As the deadline to repay pandemic-related loans and receive partial forgiveness approaches, small businesses are still hoping the federal government will reverse course and extend the measure for another year.
Nearly 900,000 organizations applied for and received a Canada Emergency Business Account (CEBA) loan during the COVID-19 pandemic. The federal program offered up to $60,000 in interest-free loans to help businesses and nonprofits survive shutdowns and resulting slowdowns.
In total, $49.2 billion was disbursed under this program.
Up to a third of loans can be forgiven if businesses repay the outstanding amount by January 18, 2024. Those who miss this deadline will lose the repayable portion and see their debts converted into a three-year loan with interest of 5 % per year.
Businesses were offered the opportunity to refinance their loans with a financial institution. Those who did so were given until March 28, 2024 to get their affairs in order and still be eligible for the repayable portion of the loan.
Business groups are calling for more time to repay loans, highlighting the ongoing challenges facing small businesses post-pandemic.
But with just over two months to go before the deadline, the chances of a new extension are diminishing.
“Federal support has been instrumental during the COVID-19 pandemic, but many businesses are still grappling with rising costs, labor shortages and ongoing operational issues,” Kate Fenske said Monday, President of the International Association of Downtown Canada, during a press conference.
“This is why we are immediately requesting a further extension of CEBA loan repayments,” she said.
The federal government has already made several changes to the CEBA program to provide more flexibility to businesses recovering from the pandemic.
Last year, it extended the loan repayment deadline for another year, until December 31, 2023.
Then, in September, Prime Minister Justin Trudeau announced that the deadline to qualify for CEBA loan forgiveness would be extended by a few more weeks to ease pressure during the holiday season.
The government also extended the loan repayment deadline by an additional year, without forgiveness, until the end of 2026.
The federal government granted these extensions despite warnings from Export Development Canada of the administrative burden this entails.
The Canadian Press obtained a letter through a freedom of information request that shows Mairead Lavery, CEO and president of the federal agency, warned senior officials of these challenges earlier this year.
“The CUEC is a unique offer, structured as a repayable loan program. As such, creating and implementing discount extensions is a complex process,” M wroteme Lavery on March 29 to Michael Sabia, then deputy minister of Finance, and Rob Stewart, deputy minister of international trade.
A spokesperson for Finance Minister Chrystia Freeland stressed that the federal government had shown flexibility.
“The bottom line is that if you are a small business and do not currently have the funds to repay your CEBA loan, you now have three years to repay it in full,” wrote his publicist, Katherine Cuplinskas, in an email.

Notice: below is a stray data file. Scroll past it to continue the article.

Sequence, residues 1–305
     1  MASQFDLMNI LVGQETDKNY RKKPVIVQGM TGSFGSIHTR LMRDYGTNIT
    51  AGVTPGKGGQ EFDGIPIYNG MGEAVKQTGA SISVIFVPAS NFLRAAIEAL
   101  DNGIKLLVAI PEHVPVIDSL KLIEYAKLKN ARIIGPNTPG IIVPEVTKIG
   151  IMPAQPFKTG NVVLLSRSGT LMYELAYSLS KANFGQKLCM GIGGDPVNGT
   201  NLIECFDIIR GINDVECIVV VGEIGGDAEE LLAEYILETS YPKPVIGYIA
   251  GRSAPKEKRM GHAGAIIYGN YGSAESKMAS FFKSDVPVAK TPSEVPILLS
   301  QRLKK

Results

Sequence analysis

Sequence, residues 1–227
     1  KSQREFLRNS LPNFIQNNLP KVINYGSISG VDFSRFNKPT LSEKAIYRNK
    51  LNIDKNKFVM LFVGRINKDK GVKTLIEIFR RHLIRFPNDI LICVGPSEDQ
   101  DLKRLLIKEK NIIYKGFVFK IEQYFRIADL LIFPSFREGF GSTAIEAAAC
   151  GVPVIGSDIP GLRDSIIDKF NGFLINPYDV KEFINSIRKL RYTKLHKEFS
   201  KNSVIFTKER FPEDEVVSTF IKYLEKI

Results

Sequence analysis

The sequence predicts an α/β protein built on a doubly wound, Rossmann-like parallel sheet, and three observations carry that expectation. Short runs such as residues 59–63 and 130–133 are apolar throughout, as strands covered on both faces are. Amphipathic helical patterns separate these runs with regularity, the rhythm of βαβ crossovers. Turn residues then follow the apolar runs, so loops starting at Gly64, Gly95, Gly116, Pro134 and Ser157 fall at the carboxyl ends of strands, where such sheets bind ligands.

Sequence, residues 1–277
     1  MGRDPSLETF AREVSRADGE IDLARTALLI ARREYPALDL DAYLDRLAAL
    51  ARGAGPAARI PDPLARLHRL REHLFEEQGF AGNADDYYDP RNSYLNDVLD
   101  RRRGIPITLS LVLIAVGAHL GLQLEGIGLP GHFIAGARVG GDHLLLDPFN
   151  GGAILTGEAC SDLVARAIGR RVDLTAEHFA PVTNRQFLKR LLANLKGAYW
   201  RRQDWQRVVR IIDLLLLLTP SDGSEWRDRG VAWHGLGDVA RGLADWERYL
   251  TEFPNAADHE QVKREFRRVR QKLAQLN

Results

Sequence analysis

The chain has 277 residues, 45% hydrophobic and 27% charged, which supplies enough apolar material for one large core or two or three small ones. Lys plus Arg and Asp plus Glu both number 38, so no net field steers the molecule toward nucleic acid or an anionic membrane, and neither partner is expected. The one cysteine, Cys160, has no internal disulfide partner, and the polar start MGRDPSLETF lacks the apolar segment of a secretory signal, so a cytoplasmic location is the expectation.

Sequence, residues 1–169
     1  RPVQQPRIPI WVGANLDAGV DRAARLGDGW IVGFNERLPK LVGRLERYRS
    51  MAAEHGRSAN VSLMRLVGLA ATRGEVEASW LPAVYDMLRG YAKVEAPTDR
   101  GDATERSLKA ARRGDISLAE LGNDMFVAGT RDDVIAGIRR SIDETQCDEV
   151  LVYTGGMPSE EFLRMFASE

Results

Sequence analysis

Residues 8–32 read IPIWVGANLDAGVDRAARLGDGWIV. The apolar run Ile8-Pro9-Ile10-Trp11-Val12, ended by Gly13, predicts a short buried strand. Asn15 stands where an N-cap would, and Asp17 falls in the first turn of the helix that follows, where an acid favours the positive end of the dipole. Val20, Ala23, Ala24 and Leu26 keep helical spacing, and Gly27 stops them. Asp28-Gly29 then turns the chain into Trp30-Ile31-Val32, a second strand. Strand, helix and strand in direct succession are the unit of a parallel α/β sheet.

“The additional flexibility we have announced is important support for small businesses who may still be struggling to make ends meet. »
Mme Cuplinskas said about a fifth of businesses have already repaid their loans.
The survival of SMEs at stake
The Canadian Federation of Independent Business, which represents about 100,000 businesses across the country, has been vocal on the issue of CEBA loans.
Its president, Dan Kelly, said failure to grant another extension could be disastrous for the survival of some small businesses.
“I really fear that if the government tries too hard and sticks to the current CEBA deadline, many businesses, we estimate up to 250,000 small businesses, will go bankrupt if they lose the repayable portion of this loan,” Kelly said.
Mark Zelmer, a senior fellow at the CD Howe Institute, said it’s understandable that some companies still face challenges, particularly as the Canadian economy slows.
“But now I think the environment is not so much about the pandemic itself, but about subsequent issues that have emerged that are creating challenges for everyone,” Zelmer said. Some of these are after-effects of the pandemic, but other events have occurred since. »
The opposition and the provinces in favor of an extension
Calls for an extension have garnered political support from all 13 premiers as well as the federal NDP, Bloc Québécois and Greens.
Last month, the premiers wrote a joint letter to Trudeau asking the federal government to give small businesses more time.
“We urge your government to allow more time to allow businesses to take advantage of the loan forgiveness option, in addition to extending the repayment of CEBA loans by one year. More time is needed to allow the hardest-hit small businesses to continue their recovery from not only the pandemic, but also the cost shocks that followed,” the premiers wrote.
The federal Conservatives have not taken a position on CEBA loans and requests for extensions, which Mr. Kelly called “deeply disappointing.”
Although time is running out to act, Kelly said he hopes there is still a chance the federal government will reverse course.
He highlighted the temporary three-year suspension of the carbon price for people who use home heating oil. Liberals in Atlantic Canada, where a disproportionate number of households still use home heating oil amid rising costs, were among those advocating such a move.
“I wouldn’t have thought the government would have caved in on the carbon tax on heating oil the way they did, but they did,” Mr Kelly said.
“But I believe the fall economic statement will be one of the last windows during which the government could announce further policy changes. »